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Every once in a while, a book lives up to the hype. This is one of those resplendent few.

I'll admit I was skeptical. I'd heard about The Bone Clocks on NPR, seen David Mitchell's face on the front of BookPage—everywhere I turned this month, people were hailing this book like charismatic worshipers with a box full of snakes. At a bookstore on our trip, a placard informed me that The Bone Clocks held the place of honor as the current #1 fiction bestseller. Oh, and the placard was sorry, but every last copy was sold out.

At some point in the face of all this adulation, a cynical person starts to wonder if it all isn't a bit much. How many books are that good, really?

The answer: not many, but this one is. 

The story begins with the endearing and stubborn Holly Sykes, who in 1984 is a fifteen-year-old half-Irish girl who hears voices, experiences occasional precognitions, and has a bone to pick with her parents. From there, it goes so far afield in time, geography, and sheer possibility that to give any more plot details would be to rob you of the joy of discovering it for yourself.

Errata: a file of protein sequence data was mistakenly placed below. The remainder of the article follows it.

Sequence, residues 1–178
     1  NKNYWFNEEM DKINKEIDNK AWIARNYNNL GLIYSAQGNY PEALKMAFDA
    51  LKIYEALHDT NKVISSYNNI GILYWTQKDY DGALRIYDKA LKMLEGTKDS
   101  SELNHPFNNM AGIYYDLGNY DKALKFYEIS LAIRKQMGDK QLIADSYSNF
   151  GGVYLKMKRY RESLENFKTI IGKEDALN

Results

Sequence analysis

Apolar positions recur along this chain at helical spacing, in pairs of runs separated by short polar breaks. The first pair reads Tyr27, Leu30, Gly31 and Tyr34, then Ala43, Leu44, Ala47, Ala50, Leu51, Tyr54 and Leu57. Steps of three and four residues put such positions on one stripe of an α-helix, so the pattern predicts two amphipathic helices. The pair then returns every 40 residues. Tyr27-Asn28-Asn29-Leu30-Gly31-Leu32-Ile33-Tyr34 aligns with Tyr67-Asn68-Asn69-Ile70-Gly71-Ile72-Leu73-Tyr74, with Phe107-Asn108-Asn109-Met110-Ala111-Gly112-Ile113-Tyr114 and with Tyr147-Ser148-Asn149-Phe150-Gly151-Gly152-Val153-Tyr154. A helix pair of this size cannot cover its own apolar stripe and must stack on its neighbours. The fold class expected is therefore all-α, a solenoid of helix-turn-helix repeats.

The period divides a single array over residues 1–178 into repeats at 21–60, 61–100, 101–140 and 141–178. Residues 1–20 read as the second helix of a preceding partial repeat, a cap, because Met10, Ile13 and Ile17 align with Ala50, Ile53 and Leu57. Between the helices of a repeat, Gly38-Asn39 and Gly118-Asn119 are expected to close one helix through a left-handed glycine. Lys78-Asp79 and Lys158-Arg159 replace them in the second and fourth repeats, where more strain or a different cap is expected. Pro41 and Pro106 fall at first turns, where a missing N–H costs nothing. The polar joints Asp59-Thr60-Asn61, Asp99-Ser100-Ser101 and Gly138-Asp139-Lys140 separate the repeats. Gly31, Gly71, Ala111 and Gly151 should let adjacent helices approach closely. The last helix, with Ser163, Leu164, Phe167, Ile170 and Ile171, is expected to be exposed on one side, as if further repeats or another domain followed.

A note about the structure, however, wouldn't be remiss. Mitchell has divided the book into discrete sections, introducing new characters and sometimes with just a few words dispatching old ones. Thus the start of each feels a bit disorienting until we acclimate to the new paradigms Mitchell has created to layer on top of the old. Reading The Bone Clocks feels a little like taking a walk around a spiral path—it's a journey through ever-widening concentric circles, in which familiar elements repeat themselves but coalesce each time with more clarity and depth than the time before. 

My local library cataloged The Bone Clocks in the science fiction section, which I suppose is apt in a way, but the snob in me (apparently not entirely wiped out by the Summer of Sci-Fi) would classify it as literary fiction first. It's not that there aren't bits that don't fit what we would call reality, but as science fiction often puts people in mind of spaceships and extraterrestrials, I'd just as soon dispense with the label. Instead I like to think of The Bone Clocks as reality-plus. 

This is my first time reading Mitchell's work, which sad fact I plan to rectify as quickly as possible. Cloud Atlas and Ghostwritten are top priorities on my shelf now. It's hard to believe I haven't come across him before; his style reminds me so much of my longtime favorite Margaret Atwood's, with its elegant prose and urgent message. Until Mitchell, I thought Atwood was unique in her penchant for simultaneously delivering crushing warnings about the fate of humanity and insisting on a faint, flickering wisp of hope. Now, mercifully, I know better.